A common misconception amongst new owners of automatic timepieces is that they would not require any winding. Indeed when the word automatic is associated with something, one would assume it can operate without assistance. An example which we see fitting and relevant to understand the movement behind an automatic watch is that of an automatic motor vehicle. Although these types of vehicles come with an automatic transmission fitted, they still require the driver to manually select the correct gear in order to activate movement of the car to go either forward or backwards. Similarly, an automatic self-winding timepiece requires to be manually wound in order to activate its mechanism.

Firstly, we need to understand in more detail how an automatic timepiece works for this to make sense.

The difference between a manually wound quartz movement and an automatic self-wound movement is the use of a winding rotor in the latter. An automatic watch simply converts the wearer's wrist movement into the mechanical framework in order for it to operate.

As one would expect, once they take off their watch and do not wear it for a few days, the loss of movement would then cause the mechanism to eventually stop after reaching the end of its running cycle. The timepiece would then need to be manually wound to activate the movement once again. This form of movement is very sophisticated, both in its intricate construction, and also its aesthetic appeal as it is an absolute pleasure to observe when ticking away.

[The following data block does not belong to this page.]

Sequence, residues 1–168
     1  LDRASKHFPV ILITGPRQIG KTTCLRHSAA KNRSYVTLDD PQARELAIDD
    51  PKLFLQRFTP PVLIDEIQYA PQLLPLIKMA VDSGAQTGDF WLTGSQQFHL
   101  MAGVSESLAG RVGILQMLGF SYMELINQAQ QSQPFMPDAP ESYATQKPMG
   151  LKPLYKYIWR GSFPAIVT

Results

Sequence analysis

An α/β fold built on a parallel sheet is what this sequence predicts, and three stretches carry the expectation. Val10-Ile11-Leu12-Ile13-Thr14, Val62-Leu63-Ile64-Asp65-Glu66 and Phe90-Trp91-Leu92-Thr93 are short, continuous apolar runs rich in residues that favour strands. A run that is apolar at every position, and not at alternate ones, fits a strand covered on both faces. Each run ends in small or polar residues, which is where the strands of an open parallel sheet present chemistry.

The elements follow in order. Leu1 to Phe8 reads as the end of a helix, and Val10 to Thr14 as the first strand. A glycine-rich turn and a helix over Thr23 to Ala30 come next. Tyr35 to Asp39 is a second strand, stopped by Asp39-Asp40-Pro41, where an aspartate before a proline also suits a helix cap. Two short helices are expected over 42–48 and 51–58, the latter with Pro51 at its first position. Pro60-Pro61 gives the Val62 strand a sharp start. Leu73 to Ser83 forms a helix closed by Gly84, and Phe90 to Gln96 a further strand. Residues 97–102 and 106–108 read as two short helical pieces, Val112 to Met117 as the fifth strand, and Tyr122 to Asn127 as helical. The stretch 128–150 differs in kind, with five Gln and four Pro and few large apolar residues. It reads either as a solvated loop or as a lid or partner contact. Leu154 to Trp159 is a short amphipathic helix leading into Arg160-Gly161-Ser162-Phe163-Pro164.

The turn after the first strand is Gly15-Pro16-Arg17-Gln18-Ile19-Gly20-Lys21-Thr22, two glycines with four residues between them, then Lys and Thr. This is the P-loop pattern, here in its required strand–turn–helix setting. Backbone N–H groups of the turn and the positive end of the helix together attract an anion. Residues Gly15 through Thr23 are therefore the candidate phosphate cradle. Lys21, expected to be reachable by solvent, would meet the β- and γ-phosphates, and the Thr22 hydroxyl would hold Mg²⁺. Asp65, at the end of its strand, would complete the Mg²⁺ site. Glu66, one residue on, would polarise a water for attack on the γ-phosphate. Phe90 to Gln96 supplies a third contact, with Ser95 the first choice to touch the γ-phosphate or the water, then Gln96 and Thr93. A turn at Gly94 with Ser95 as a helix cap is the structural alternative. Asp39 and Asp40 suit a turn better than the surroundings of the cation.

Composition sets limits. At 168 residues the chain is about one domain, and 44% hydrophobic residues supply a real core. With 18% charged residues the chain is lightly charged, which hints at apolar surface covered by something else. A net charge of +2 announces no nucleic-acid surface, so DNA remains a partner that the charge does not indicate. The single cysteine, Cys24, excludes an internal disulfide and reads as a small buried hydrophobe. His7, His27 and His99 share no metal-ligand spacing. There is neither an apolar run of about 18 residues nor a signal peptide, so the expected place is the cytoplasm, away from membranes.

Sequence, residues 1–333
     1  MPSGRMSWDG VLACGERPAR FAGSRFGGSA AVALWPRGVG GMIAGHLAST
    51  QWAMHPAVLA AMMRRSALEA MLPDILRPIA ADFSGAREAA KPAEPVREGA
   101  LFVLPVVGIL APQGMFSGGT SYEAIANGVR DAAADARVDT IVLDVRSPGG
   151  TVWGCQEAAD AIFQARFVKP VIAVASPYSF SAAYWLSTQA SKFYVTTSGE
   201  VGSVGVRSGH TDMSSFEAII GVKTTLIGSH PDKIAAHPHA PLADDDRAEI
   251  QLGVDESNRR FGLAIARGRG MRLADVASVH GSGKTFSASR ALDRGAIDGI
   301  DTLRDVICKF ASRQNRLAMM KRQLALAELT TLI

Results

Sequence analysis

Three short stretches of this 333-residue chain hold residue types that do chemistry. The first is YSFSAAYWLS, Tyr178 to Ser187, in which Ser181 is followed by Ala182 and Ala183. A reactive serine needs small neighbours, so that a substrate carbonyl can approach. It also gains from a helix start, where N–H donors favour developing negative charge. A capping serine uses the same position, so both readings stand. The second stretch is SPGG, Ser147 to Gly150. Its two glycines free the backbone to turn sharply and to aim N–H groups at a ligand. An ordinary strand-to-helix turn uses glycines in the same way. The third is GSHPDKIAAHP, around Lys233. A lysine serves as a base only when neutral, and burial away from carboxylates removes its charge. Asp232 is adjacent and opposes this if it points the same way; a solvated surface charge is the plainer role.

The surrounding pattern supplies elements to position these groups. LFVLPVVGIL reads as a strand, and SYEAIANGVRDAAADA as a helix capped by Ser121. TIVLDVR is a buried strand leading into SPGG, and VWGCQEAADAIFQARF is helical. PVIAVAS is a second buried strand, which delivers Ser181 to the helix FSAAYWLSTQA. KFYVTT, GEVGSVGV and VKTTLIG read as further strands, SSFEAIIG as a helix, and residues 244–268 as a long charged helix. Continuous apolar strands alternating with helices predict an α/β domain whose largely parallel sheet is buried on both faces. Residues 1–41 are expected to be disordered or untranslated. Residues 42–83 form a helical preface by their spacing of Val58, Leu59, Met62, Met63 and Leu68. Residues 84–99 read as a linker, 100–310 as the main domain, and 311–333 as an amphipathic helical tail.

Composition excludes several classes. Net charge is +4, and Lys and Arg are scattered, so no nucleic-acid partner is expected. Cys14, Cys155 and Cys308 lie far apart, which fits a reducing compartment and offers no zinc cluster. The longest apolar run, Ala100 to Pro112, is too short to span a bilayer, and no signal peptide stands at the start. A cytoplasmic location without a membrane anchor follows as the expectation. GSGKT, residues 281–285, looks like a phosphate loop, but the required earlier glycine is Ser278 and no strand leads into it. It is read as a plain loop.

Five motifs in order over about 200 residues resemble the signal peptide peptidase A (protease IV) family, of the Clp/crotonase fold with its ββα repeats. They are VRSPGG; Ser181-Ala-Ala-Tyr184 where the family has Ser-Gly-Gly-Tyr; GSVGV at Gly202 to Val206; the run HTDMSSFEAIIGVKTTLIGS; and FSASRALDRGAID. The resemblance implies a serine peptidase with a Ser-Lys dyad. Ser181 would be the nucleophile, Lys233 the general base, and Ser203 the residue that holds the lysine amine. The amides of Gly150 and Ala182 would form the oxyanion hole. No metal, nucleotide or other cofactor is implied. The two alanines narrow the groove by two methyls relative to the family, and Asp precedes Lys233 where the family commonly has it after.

How do I wind my timepiece?

To wind your automatic timepiece, you must slightly pull the crown away from the case so that it is able to rotate freely. Once in the correct position, you simply rotate the crown clockwise until you feel a resistance in the turn, which at that point would mean the watch is fully wound and ready to use.

The number of rotations required can vary, however, generally an automatic wristwatch requires between 30-45 rotations for it to be fully wound.

Please Note: You must take extra care when winding your automatic timepiece and ensure it is not wound over the recommended guidelines, as this could affect the performance of the mechanism in the long term.